Businesses play a vital role in the economy by creating jobs, fostering innovation and providing essential goods and services. Businesses make and sell consumer products; manufacture equipment and vehicles; support the national defense; grow and produce food; provide health care; generate and deliver energy; and offer financial, communications and other services that underpin economic growth.
While each of our individual companies serves its own corporate purpose, we share a fundamental commitment to all of our stakeholders. We commit to:
Delivering value to our customers. We will further the tradition of American companies leading the way in meeting or exceeding customer expectations.
Investing in our employees. This starts with compensating them fairly and providing important benefits. It also includes supporting them through training and education that help develop new skills for a rapidly changing world. We foster diversity and inclusion, dignity and respect.
Dealing fairly and ethically with our suppliers. We are dedicated to serving as good partners to the other companies, large and small, that help us meet our missions.
Supporting the communities in which we work. We respect the people in our communities and protect the environment by embracing sustainable practices across our businesses.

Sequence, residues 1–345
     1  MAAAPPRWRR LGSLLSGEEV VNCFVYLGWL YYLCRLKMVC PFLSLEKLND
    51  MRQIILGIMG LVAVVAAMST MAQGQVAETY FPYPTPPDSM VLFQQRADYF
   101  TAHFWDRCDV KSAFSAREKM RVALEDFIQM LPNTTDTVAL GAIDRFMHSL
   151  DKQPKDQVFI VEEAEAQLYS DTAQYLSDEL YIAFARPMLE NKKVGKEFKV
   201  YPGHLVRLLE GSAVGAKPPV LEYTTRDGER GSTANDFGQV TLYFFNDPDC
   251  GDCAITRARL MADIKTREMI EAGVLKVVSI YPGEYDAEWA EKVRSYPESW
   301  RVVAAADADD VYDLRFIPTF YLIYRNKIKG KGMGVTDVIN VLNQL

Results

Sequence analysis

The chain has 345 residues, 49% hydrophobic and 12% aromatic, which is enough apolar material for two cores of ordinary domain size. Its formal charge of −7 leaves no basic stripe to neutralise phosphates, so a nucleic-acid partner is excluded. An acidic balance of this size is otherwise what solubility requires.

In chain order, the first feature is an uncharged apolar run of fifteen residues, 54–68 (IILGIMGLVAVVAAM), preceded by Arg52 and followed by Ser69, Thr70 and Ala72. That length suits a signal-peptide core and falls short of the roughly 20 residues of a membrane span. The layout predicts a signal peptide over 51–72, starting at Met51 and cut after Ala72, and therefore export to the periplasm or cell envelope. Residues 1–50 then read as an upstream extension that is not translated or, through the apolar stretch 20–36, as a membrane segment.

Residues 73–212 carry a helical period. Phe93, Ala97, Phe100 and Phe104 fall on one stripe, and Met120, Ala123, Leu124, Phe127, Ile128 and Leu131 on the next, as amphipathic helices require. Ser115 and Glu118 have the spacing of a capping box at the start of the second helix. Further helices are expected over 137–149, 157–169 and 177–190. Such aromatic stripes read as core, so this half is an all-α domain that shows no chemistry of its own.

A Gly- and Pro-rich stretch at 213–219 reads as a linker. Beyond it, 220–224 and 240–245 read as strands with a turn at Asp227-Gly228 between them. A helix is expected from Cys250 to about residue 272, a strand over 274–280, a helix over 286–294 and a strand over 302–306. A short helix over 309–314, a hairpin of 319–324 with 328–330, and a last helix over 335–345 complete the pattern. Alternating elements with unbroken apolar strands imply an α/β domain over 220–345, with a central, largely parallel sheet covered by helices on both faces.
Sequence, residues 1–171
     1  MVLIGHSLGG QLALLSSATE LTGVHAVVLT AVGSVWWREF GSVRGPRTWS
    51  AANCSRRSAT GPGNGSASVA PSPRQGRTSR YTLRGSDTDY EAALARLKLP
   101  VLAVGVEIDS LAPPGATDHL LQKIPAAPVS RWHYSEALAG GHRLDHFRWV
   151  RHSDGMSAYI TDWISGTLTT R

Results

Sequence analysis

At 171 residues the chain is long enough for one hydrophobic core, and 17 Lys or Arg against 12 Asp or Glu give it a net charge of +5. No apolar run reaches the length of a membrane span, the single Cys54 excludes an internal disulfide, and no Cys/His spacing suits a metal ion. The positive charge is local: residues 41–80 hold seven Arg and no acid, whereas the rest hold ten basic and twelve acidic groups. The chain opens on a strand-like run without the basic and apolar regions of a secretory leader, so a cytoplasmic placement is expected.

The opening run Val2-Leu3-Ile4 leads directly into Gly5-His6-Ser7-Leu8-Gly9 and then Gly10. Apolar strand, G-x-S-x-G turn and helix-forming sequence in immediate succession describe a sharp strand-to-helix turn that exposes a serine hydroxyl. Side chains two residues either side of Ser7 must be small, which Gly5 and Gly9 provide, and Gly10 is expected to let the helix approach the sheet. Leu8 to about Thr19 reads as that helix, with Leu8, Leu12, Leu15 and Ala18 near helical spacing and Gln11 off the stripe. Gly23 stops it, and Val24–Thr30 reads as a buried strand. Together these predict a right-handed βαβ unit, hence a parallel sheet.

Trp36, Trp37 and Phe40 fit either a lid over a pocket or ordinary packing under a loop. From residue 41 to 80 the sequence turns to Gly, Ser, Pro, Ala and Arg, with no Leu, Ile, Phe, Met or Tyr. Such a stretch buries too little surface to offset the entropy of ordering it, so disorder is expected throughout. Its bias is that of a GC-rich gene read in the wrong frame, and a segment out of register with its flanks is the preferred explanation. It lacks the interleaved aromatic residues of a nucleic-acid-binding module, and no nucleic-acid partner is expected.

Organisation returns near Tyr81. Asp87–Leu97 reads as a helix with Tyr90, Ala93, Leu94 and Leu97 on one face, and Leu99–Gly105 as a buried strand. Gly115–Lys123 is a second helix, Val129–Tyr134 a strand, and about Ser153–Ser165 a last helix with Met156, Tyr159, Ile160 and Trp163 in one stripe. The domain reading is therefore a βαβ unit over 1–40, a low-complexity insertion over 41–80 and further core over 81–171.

Generating long-term value for shareholders, who provide the capital that allows companies to invest, grow and innovate. We are committed to transparency and effective engagement with shareholders.
Each of our stakeholders is essential. We commit to deliver value to all of them, for the future success of our companies, our communities and our country.
Link to the full Business Roundtable statement: https://www.businessroundtable.org/business-roundtable-redefines-the-purpose-of-a-corporation-to-promote-an-economy-that-serves-all-americans
These are great words and I am hopeful that they are the beginning of a true shift in the impact big business has on the social fabric of our country and the world. It is my firm belief that all stakeholders benefit when the impact of an organization creates virtuous cycles across the business and community aspects it touches. At this point I must comment on the fact that corporations have been quick to offer up such ideals in the past and then work quietly behind the scenes to continue their single-minded focus on share price. Business author Anand Giridharadas has been a sharp critic of such actions. His point is that as these corporations, and their leaders, have often made a public donation of note only to use their influence in government and other circles to work in the opposite direction regarding policy that protects their business and personal interests. Often, Giridharadas asserts the net impact of these conflicting actions is negative for the general public (Fortune: An Insider Takes Aim at Corporate America’s ‘Elite Charade’).
The bottom line is that the Business Roundtable’s statement is a good start, but only a start. It is up to business leaders to take this to heart and show sustained progress in improving the poor record their organizations have earned over the last 40 years. Their resolve for improvement must be strong, the fate of the American economic system just may be hanging in the balance.